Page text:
Q and A with Dr. Rhoads: Sex Matters

May 27, 2004, Datingnow.com

Professor Steven Rhoads takes a new look at the battle of the sexes.
Steven Rhoads is a professor of public policy at the University of Virginia and the author of Taking Sex Differences Seriously, a new book which argues that there are genuine and important differences between men and women. DatingNow talked to Steve Rhoads about what those differences mean for relationships.

Your book describes the differences between men and women in all sorts of spheres. In terms of relationships though, what do women want? And what do men want?
Women are far more likely to actually want relationships. Men may like an evening out but they are more likely to think a good date ends with sex. Many aren't sure what relationships add besides burdensome commitments.

In and out of marriage, most women say they engage in sex to share emotions and love. Men give reasons that are more narrowly physical such as need, sexual gratification and sexual release. Thus women read romance novels, and men view pornography.

What are the sources of these differences?
Mainly evolution and biology.

Evolutionary psychology predicts that men will be more eager for sex than women because eons ago men who mated more frequently usually produced more heirs. Men with powerful sexual urges passed on their genes in greater numbers than men with a moderate or low inclination for sex. [For men,] more mates would mean more offspring; a woman who chose to mate with only unusually strong men or those willing to commit to her children's needs would increase her children's likelihood of survival. Thus, through the ages, women with such tastes would be more apt to reproduce successfully.

[And] testosterone explains libido. Men have far more of it. But women with higher than normal amounts of testosterone are more interested in sex than other women.

If men are primarily interested in casual flings, why do they marry?
Because they fall in love and don't want to lose their special woman by not committing. And they finally grow up and almost every society holds the belief that mature men - real men - marry, provide for and raise a family. Besides marriage is good for men. They end up happier and healthier within it. But for a long time they think, ''Why commit? I'm getting good sex and often good cooking and companionship, and a better woman may be right around the corner.''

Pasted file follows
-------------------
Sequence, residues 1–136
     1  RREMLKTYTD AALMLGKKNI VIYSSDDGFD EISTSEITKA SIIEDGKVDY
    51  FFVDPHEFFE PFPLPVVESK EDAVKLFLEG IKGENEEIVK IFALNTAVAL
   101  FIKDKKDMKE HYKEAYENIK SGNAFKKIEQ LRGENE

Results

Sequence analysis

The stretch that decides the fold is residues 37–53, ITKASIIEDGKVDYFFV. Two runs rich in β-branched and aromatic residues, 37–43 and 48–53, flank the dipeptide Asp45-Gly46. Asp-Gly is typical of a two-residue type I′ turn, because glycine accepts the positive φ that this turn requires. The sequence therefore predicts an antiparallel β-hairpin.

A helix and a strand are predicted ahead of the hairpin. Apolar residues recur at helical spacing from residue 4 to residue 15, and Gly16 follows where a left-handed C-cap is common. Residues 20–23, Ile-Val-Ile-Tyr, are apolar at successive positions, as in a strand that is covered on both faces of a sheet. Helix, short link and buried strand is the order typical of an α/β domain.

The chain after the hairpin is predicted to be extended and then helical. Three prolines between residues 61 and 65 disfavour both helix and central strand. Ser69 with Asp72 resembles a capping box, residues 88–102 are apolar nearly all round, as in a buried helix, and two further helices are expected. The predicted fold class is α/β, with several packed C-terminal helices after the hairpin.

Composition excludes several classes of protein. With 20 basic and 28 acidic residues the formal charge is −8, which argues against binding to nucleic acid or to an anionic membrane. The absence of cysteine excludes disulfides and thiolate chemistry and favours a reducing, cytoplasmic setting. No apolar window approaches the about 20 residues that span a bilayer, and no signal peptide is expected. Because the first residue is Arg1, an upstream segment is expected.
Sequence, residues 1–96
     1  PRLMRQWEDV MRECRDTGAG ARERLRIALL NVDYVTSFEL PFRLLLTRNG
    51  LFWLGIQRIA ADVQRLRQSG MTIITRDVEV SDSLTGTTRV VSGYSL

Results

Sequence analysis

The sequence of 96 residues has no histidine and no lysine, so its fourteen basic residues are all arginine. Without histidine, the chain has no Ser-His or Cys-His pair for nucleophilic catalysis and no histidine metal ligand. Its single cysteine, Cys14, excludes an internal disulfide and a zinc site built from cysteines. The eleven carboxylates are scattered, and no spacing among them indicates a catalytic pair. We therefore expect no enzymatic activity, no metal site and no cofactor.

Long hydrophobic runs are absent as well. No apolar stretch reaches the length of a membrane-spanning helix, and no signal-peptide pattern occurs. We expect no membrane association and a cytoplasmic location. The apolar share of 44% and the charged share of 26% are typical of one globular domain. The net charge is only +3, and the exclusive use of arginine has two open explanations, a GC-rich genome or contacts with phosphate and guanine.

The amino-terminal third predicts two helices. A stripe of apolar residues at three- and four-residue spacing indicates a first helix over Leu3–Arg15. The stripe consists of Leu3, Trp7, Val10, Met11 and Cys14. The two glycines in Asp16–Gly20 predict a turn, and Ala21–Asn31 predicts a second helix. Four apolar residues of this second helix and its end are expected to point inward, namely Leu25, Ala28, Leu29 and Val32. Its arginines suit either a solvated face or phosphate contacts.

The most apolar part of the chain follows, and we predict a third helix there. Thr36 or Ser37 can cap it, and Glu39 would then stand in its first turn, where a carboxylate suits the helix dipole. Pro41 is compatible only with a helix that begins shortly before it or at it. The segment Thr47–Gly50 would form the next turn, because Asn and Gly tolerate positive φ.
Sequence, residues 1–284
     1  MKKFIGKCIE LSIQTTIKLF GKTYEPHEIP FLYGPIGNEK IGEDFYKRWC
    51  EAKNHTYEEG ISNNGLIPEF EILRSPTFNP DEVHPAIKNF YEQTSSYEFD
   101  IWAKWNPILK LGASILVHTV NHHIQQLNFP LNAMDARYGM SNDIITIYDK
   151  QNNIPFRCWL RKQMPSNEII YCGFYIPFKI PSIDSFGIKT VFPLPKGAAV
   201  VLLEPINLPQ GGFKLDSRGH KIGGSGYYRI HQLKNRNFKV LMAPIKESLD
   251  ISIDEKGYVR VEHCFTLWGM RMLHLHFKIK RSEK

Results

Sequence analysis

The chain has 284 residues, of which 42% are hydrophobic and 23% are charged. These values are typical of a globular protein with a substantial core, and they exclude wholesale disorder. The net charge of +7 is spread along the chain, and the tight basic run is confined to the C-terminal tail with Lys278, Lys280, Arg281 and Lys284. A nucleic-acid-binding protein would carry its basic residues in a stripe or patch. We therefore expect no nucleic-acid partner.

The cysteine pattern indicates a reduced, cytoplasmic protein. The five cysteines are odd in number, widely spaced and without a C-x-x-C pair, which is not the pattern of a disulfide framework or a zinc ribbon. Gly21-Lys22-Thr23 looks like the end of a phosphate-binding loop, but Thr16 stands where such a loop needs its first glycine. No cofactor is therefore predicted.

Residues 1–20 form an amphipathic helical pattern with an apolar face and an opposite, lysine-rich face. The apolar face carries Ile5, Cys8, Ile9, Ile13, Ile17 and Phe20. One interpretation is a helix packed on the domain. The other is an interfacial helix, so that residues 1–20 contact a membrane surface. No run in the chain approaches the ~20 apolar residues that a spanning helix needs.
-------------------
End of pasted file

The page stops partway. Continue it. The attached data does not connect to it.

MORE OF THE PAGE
If a man cheats on his wife or girlfriend, can he argue that fidelity is just not natural for men?
Not really. He can control himself. But it is typically harder for the husband than the wife. So perhaps he deserves real appreciation and admiration if he doesn't stray.

You talk quite approvingly of The Rules in your book. Do you recommend The Rules as a way for women to date?
It's not bad, but it may not be tough enough about sex to serve women's interests fully.

The Rules says no to sex until the woman has waited at least a few weeks or months. After this probationary period, when the couple has had sex, the authors [say that] she should ''stay emotionally cool no matter how hot the sex gets.'' And the next morning she should “be casual and unmoved about the fact that the date is over.''

But would a woman wanting to land a husband - and that is the goal of The Rules - really want to act so nonchalant after she and a potential Prince Charming have given each other great sexual pleasure? Might not the man wonder how often she has had similar nights with other men if their wonderful night together seemed so routine?

Without a context in which sex is presumed to involve commitment, the man will almost always have the upper hand. Many college men see sex as simply an enjoyable game. A student in my wife's class at all-male Hampden Sydney College illustrates this attitude: ''Sleeping with a woman who has already submitted,'' he said, ''is like playing a computer game you have already won.''

What do you see as the key to a successful relationship?
Understanding the differences. And realizing that they are part of the attraction. Women who constantly want their man to show his feelings should realize that he doesn't have as many to show as she does. And she should ask herself how she would really feel if he cried as much or more than she did. That manliness, stoicism and calmness in crises is almost certainly part of what makes him attractive to her.

Understanding sex differences can bring a ceasefire in the gender wars. Once we can see that our romantic partners are fundamentally different on the inside as well as the out, we will be less likely to expect them to be like all our same-sex friends. Husbands, for example, will see that women in general, not just ''their crazy wife,'' like to talk about problems that have no solutions. And wives will see that most husbands - not just their's - don't care about the messes they leave in their wake.

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© 2004 Steven E. Rhoads
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